Member HK Leblond agreed and felt it was important it is stressed in the statement that the Commission is there to help the library and the community and wants more information about the experiences of people with the organization; this is seconded by Member Aquinas- Gallagher. Chair Meyer says she has personally not experienced discrimination, that no formal complaint has been made to the City or the Commission and that she feels like the statement is both accurate and necessary.
Member Schwartz shared feedback from a member of the public and Vice Chair Bechtoldt shared her experience of her work place choosing to not hold events at another church owned property. Member HK Leblond asks how the City plans to react if the library moves in and there are community concerns. Chair Meyer stresses that she is confident the City and its staff would not act discriminatory, but is concerned about the perception. Dan Atchison was able to clarify that this would purely be a business transaction as the City has with other rental sites across the city and this is a policy issue rather than a legal issue.
Member Dass circles back to Member HK Leblond’s question about issues that may arise after the library moves in and how the library plans to handle those. Librarian Sarah Strahl shares this is why the Library Renovation Council Subcommittee has approached them for feedback and how they can make the space more inclusive. Chair Meyer thanked Sarah and says that the Commission will continue to be a resource to the library through this process.
Vice Chair Bechtoldt makes a motion to amend the statement to read that “[i]t is offensive tomembers of the Salem community for the City to enter into a contract with, and pay money to,an entity that may be experienced as unwelcoming to members of the LGBTQ community.” This is seconded by Member HK Leblond and passed unanimously.
Member Borja asks if the Commission wanted to provide clearer direction to the Library staff about ways the Library could be more inclusive if the location was selected. Chair Meyer and Member Tricarico suggest adding a sentence explicitly stating the Human Rights Commission and the LGBTQ Task Force are here to provide support to the community and the Library. Dan and Sarah confirm the plan for the Library move is November, so there is time to plan more concrete suggestions if that is desired.
Member HK Leblond read aloud from Chapter 97 of the Salem Revised Code which helps guide the Commission and says that she wants to add the sentence regarding support. After discussion among the group, Member HK Leblond motions for the sentence, “[t]he Commission will continue to be available for reports of discrimination in the community” to be added to the end of the second paragraph. This is seconded by Member Watters and approved unanimously by the Commission.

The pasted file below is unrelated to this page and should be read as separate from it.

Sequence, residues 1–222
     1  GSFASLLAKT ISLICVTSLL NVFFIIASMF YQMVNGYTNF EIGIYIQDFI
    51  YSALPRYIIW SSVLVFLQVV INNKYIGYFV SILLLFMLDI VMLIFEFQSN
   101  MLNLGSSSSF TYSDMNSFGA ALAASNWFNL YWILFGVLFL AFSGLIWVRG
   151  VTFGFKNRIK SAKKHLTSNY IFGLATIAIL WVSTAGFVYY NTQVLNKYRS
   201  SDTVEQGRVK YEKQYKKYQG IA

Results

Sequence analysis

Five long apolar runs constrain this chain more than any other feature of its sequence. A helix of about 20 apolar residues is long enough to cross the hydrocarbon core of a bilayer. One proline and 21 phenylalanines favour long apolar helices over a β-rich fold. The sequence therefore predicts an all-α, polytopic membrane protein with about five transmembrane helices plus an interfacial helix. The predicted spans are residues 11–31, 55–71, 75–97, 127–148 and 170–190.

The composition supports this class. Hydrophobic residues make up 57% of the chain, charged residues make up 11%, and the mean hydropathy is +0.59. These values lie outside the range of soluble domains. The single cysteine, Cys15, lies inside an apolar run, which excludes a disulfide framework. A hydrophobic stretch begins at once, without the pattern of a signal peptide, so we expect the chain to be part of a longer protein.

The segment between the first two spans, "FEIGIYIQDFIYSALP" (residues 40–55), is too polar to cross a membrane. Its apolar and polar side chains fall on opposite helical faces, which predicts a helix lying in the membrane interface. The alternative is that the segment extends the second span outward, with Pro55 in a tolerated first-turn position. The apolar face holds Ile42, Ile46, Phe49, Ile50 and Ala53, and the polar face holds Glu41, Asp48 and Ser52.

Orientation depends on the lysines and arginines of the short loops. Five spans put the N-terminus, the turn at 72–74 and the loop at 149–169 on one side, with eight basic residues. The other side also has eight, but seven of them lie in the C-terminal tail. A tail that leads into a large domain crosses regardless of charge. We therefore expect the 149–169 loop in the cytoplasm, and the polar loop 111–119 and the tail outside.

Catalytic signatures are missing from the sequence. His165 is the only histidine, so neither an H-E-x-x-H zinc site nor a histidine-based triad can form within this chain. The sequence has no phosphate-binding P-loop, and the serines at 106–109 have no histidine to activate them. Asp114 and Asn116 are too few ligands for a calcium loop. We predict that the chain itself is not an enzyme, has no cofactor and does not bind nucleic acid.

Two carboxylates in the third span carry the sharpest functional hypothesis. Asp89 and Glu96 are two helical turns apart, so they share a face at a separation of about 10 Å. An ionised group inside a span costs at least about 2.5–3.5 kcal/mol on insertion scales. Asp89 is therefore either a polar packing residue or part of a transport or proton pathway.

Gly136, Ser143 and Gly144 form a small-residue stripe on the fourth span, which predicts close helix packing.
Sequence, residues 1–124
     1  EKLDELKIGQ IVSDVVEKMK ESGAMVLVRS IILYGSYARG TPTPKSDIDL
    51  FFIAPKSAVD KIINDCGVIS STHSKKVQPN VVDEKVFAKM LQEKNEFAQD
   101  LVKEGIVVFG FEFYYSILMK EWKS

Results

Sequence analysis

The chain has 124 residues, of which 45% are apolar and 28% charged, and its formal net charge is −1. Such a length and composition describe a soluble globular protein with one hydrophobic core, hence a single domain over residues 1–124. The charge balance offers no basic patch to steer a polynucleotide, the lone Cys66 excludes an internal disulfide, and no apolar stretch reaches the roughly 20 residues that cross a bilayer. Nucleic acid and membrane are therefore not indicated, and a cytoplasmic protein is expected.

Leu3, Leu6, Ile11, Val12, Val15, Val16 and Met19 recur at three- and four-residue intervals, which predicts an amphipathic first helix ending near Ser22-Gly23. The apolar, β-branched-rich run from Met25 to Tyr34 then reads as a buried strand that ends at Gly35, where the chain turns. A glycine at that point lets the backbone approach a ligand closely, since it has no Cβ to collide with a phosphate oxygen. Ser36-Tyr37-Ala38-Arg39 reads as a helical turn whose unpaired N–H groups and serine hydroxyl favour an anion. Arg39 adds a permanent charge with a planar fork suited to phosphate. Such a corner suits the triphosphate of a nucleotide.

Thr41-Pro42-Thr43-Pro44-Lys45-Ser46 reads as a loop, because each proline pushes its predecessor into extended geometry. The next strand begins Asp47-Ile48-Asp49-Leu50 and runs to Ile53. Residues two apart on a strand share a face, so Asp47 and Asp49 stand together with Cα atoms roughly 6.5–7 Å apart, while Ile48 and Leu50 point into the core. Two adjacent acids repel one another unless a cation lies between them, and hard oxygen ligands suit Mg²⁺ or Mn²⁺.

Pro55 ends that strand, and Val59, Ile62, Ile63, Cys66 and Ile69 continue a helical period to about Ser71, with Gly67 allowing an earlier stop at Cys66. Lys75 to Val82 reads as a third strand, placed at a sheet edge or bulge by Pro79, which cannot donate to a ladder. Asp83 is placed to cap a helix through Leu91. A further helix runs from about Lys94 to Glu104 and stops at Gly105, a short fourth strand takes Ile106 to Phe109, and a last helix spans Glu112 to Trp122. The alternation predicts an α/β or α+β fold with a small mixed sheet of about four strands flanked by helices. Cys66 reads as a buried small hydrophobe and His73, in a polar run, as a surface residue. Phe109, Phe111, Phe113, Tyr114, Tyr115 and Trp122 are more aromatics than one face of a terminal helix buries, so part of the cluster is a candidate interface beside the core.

Member HK Leblond then motions for the entire statement as amended to be approved by the Commission, this is seconded by Member Dass and approved unanimously. Dan lets the Commission know he will make their amendments to the statement and then provide a copy for Chair Meyer to sign on behalf of the Commission. He shares he anticipates the issue going before Council on July 22nd.
Lastly, here's part of the draft minutes of the June 26 meeting of the LGBTQ Rights Task Force of the Human Rights Commission. This is where the idea for a statement opposing relocation of the library to the building owned by the Salem Alliance Church originated.
Download LGBTQ Rights June
5. Salem Public Library: Welcoming and Inclusive Services
Norm Wright, Salem Community Development Director, and Sarah Strahl, City Librarian, shared the upcoming plan to seismically retrofit the main branch of the library. They are here to ask how, in the new space, they can make our library as welcoming and inclusive as possible. APowerPoint presentation was provided. Norm spoke to the library’s core services of welcoming spaces, collections, outreach/events, technology access and customer assistance. A temporary space will be needed for at least 18 months.
Norm noted the group has been working since November with a relocation committee which includes Councilors Hoy, Lewis and Library Advisory Board member Stark. The group researched locations and is left with one option available to continue providing services. The site was formerly known as Capital Press, and is owned by Salem Alliance Church. The space is move-in ready, and the team is running out of time. Access, building safety and life systems such as egress, are examples of criteria considered in site selection.
Warehouses were one type of building looked at, Norm explained, but these are built with different requirements, given they aren’t needing to house a large number of people. Over1,000 persons a day come through the main branch, and aspects such as exiting in case of emergency, bathrooms, and other features must be considered. The bond funding provided for the retrofit project is not able to be used for renovating temporary space, nor is there time to do so.